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Highlights from Adapting to the Future of Work

In the wake of the Great Recession, a strong economy made it easier for young adults to find jobs, leading to significant declines in the number and share of New Yorkers aged 18 to 24 who were out of school and out of work from 22 percent (187,588 young adults) in 2010, to 16 percent (113,000) in 2018

While exposing, exploiting, and expanding every inequity our country is confronting, the COVID-19 pandemic has also eroded all of these education and employment gains. The Aspen Institute now estimates that at least 27 percent (259,000) and possibly as many as 34 percent (324,000) of 16- to 24-year olds are out of school and out of work in New York City, and nearly 3 in 10 nationally. This rate is even higher in neighborhoods harmed by divestment and other long-standing injustices, some of which JobsFirstNYC’s efforts are focused on.

In the face of new unimaginable challenges, JobsFirstNYC sees great opportunity for progress. Offering solutions to correct structural imbalances and build more equitable systems for an inclusive recovery, the second installment of this year’s Adapting to the Future of Work event series featured community-led solutions to economic mobility—localized solutions that respond to the unique needs of neighborhoods and the people who live in them. 

Marjorie Parker, President and CEO of JobsFirstNYC, began the program, sharing reflections on JobsFirstNYC’s origin and mission of reducing New York City’s then record-high number of out-of-school, out-of-work young adults. Marjorie described this event’s focus on solutions that harness the power of communities as changemakers—by the people, for the people. Emphasizing that, with the impact of COVID-19 on young adult employment, social and economic transformation is even more critical now, Marjorie also highlighted that, “While the economic success of a young adult is determined by numerous factors, JobsFirstNYC believes solutions should be sourced from diverse perspectives and experiences.”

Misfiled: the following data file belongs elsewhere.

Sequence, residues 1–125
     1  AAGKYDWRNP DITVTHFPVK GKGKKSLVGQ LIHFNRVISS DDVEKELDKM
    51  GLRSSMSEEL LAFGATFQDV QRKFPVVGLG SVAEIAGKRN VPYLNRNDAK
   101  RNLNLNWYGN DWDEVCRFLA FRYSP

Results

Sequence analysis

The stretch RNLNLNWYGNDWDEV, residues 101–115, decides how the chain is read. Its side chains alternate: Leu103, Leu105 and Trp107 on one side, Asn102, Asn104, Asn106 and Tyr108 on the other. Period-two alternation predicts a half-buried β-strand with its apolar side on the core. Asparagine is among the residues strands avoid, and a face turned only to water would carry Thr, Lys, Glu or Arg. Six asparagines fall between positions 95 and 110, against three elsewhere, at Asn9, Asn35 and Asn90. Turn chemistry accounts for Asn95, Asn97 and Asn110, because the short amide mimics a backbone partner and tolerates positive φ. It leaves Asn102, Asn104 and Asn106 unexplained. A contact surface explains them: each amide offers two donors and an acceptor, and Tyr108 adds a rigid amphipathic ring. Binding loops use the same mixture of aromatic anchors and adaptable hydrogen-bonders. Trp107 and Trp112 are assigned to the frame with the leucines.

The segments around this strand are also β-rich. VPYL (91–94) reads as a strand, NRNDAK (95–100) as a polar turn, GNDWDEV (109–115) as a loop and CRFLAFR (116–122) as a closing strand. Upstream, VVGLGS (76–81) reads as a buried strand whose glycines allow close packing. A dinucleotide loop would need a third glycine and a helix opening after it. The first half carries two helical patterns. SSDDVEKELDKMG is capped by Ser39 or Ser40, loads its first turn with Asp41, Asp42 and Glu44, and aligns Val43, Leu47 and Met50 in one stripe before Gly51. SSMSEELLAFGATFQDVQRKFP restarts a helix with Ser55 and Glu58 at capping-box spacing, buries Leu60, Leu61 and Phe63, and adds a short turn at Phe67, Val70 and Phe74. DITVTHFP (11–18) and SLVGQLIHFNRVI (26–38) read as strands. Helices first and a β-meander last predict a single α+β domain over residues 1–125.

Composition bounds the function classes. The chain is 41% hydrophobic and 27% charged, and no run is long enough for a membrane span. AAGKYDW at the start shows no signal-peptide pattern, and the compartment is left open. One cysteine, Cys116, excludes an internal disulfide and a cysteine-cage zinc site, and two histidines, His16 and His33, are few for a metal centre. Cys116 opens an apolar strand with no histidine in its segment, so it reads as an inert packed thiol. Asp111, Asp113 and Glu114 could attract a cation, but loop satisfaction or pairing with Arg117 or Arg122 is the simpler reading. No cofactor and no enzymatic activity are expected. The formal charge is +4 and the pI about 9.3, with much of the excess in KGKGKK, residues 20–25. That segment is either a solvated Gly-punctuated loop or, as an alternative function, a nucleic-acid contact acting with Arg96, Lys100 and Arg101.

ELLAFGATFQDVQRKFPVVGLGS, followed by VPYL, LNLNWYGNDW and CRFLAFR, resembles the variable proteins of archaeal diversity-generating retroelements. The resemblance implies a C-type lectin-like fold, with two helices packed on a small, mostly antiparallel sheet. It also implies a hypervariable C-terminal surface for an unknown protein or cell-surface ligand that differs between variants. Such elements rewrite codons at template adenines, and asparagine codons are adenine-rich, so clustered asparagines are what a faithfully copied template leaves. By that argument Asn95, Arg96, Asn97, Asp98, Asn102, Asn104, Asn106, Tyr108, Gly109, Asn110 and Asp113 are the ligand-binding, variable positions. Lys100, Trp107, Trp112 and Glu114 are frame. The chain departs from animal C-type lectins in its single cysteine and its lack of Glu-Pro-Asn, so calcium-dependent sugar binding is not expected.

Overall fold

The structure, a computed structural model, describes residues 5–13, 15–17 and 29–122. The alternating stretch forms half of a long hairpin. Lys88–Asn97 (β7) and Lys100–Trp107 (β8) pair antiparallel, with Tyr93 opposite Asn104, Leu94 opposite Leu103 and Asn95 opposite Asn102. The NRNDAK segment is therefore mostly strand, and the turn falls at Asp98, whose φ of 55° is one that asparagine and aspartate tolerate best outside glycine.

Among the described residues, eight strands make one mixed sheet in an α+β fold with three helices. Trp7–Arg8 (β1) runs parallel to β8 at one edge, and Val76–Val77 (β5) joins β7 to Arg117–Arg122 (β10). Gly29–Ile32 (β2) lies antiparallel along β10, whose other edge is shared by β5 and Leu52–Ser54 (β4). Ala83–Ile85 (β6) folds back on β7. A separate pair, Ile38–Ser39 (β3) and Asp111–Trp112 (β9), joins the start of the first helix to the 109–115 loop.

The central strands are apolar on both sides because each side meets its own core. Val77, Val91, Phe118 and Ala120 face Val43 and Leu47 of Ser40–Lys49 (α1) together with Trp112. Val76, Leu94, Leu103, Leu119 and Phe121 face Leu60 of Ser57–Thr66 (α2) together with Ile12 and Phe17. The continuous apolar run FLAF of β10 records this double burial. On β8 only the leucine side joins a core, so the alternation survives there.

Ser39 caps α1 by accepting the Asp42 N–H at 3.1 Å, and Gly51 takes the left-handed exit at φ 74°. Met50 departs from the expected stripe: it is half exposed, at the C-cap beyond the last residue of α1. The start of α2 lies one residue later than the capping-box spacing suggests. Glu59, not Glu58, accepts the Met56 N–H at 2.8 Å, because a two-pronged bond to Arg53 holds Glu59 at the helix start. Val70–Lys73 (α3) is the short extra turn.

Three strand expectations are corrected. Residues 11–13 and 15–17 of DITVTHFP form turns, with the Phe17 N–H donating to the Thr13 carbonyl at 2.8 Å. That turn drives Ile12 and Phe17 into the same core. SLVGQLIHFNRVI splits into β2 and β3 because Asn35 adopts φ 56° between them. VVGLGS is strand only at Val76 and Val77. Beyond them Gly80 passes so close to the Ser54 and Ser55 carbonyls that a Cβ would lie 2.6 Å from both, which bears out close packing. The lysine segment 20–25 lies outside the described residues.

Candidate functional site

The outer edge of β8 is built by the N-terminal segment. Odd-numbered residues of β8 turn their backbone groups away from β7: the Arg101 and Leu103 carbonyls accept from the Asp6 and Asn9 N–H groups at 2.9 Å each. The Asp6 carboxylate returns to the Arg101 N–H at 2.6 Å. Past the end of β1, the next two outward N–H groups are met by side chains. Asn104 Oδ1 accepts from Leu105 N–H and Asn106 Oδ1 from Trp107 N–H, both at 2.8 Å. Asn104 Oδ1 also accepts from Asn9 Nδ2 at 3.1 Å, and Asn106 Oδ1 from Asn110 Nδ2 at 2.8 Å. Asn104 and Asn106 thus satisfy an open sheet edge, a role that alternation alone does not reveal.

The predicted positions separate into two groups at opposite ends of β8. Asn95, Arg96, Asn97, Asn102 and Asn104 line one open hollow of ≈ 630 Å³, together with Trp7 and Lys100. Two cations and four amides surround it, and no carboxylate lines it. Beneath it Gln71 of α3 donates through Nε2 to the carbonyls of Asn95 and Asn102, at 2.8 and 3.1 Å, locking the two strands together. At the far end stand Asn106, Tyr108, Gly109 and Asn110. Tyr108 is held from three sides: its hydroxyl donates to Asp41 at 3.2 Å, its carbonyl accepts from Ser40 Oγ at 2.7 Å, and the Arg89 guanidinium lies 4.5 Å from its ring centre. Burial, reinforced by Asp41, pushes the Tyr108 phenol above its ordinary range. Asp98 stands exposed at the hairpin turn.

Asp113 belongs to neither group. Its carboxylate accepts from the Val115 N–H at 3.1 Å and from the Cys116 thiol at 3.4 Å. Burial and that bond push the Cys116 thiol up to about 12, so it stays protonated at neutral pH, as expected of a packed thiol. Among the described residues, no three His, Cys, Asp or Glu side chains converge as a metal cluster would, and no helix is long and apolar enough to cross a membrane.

Presenting national perspectives, Lori Boozer, Senior Program Officer of Mobility LABs at Robin Hood; Fay Hanleybrown, Managing Director at FSG; and Monique Miles, Vice President at The Aspen Institute, then dove into a conversation featuring collaborative partnership approaches to economic solutions, moderated by LeAnne Bennett, the Vice Chair of JobsFirstNYC’s Board of Directors, and Managing Director and Head of Executive & Management Development at JPMorgan Chase & Co. Monique and Lori each shared their experiences being a part of large-scale community-led initiatives—Opportunity Youth Forum and Mobility LABs respectively—making clear that unequal systems, including education, workforce, healthcare, and others, were built intentionally, and deconstructing them requires the same intentionality. Fay described FSG’s collective impact approach and research showing that collaboration leads to systems change and population-level outcomes. Fay also noted that not only are communities with cross-system, cross-sector collaboratives in place better positioned to respond to crises, but these types of partnerships also provide a foundation to reconstruct systems that are more equitable. All  speakers acknowledged the importance of centering the voices and needs of community members to allow them to drive the work from the ground up, building holistic approaches to sustain people out of poverty.